Historian Howard Zinn on Abraham Lincoln and the eventual abolition of slavery in the US. Which shows that Spielberg’s new film, Lincoln, is far from historically accurate – Published on libcom.org, by Howard Zinn, Jan 30, 2013.
John Brown1 was executed by the state of Virginia with the approval of the national government. It was the national government which, while weakly enforcing the law ending the slave trade, sternly enforced the laws providing for the return of fugitives to slavery. It was the national government that, in Andrew Jackson’s administration, collaborated with the South to keep abolitionist literature out of the mails in the southern states.
It was the Supreme Court of the United States that declared in 1857 that the slave Dred Scott could not sue for his freedom because he was not a person, but property.
Such a national government would never accept an end to slavery by rebellion. It would end slavery only under conditions controlled by whites, and only when required by the political and economic needs of the business elite of the North. It was Abraham Lincoln who combined perfectly the needs of business, the political ambition of the new Republican party, and the rhetoric of humanitarianism. He would keep the abolition of slavery not at the top of his list of priorities, but close enough to the top so it could be pushed there temporarily by abolitionist pressures and by practical political advantage.
Lincoln could skillfully blend the interests of the very rich and the interests of the black at a moment in history when these interests met. And he could link these two with a growing section of Americans, the white, up-and-coming, economically ambitious, politically active middle class. As Richard Hofstadter puts it:
–Thoroughly middle class in his ideas, he spoke for those millions of Americans who had begun their lives as hired workers-as farm hands, clerks, teachers, mechanics, flatboat men, and rail- splitters-and had passed into the ranks of landed farmers, prosperous grocers, lawyers, merchants, physicians and politicians.
Lincoln could argue with lucidity and passion against slavery on moral grounds, while acting cautiously in practical politics. He believed “that the institution of slavery is founded on injustice and bad policy, but that the promulgation of abolition doctrines tends to increase rather than abate its evils.” (Put against this Frederick Douglass’s statement on struggle, or Garrison’s “Sir, slavery will not be overthrown without excitement, a most tremendous excitement”) Lincoln read the Constitution strictly, to mean that Congress, because of the Tenth Amendment (reserving to the states powers not specifically given to the national government), could not constitutionally bar slavery in the states.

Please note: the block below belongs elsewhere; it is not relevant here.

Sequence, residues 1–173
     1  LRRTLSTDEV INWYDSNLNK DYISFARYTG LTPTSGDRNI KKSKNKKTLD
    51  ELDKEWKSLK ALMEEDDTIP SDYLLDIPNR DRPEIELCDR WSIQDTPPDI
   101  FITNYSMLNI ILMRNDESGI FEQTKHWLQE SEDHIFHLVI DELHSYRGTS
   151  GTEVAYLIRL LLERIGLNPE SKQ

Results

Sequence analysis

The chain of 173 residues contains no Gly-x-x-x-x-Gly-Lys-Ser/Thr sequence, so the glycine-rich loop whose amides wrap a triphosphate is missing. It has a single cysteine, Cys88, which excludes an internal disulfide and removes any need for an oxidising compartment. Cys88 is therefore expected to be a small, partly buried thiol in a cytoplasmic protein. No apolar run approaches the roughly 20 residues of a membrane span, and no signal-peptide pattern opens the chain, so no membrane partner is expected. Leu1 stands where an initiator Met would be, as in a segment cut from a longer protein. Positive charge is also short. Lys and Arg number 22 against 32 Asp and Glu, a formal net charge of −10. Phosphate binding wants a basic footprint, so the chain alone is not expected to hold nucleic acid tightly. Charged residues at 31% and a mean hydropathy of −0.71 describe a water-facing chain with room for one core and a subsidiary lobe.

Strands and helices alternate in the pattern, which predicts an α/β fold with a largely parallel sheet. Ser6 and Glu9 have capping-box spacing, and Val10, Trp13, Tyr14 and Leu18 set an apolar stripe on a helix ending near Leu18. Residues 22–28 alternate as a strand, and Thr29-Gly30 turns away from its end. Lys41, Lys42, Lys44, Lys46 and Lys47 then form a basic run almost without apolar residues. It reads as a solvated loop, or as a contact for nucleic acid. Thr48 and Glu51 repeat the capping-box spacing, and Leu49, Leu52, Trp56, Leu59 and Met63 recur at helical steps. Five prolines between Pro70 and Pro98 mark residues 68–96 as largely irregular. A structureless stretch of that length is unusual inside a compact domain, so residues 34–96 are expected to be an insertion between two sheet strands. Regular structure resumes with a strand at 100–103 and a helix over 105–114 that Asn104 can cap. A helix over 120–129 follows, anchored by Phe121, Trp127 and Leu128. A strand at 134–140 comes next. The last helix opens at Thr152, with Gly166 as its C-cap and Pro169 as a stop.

When it was proposed to abolish slavery in the District of Columbia, which did not have the rights of a state that was directly under the jurisdiction of Congress, Lincoln said this would be Constitutional, but it should not be done unless the people in the District wanted it. Since most there were white, this killed the idea. As Hofstadter said of Lincoln’s statement, it “breathes the fire of an uncompromising insistence on moderation.”
Lincoln refused to denounce the Fugitive Slave Law publicly. He wrote to a friend: “I confess I hate to see the poor creatures hunted down . .. but I bite my lips and keep quiet.” And when he did propose, in 1849, as a Congressman, a resolution to abolish slavery in the District of Columbia, he accompanied this with a section requiring local authorities to arrest and return fugitive slaves coming into Washington. (This led Wendell Phillips, the Boston abolitionist, to refer to him years later as “that slavehound from Illinois.”) He opposed slavery, but could not see blacks as equals, so a constant theme in his approach was to free the slaves and to send them back to Africa … //
… Black women played an important part in the war, especially toward the end. Sojourner Truth, the legendary ex-slave who had been active in the women’s rights movement, became recruiter of black troops for the Union army, as did Josephine St. Pierre Ruffin of Boston. Harriet Tubman raided plantations, leading black and white troops, and in one expedition freed 750 slaves. Women moved with the colored regiments that grew as the Union army marched through the South, helping their husbands, enduring terrible hardships on the long military treks, in which many children died. They suffered the fate of soldiers, as in April 1864, when Confederate troops at Fort Pillow, Kentucky, massacred Union soldiers who had surrendered-black and white, along with women and children in an adjoining camp.
It has been said that black acceptance of slavery is proved by the fact that during the Civil War, when there were opportunities for escape, most slaves stayed on the plantation. In fact, half a million ran away- about one in five, a high proportion when one considers that there was great difficulty in knowing where to go and how to live.
The owner of a large plantation in South Carolina and Georgia wrote in 1862: “This war has taught us the perfect impossibility of placing the least confidence in the negro. In too numerous instances those we esteemed the most have been the first to desert us.” That same year, a lieutenant in the Confederate army and once mayor of Savannah, Georgia, wrote: “I deeply regret to learn that the Negroes still continue to desert to the enemy” … //
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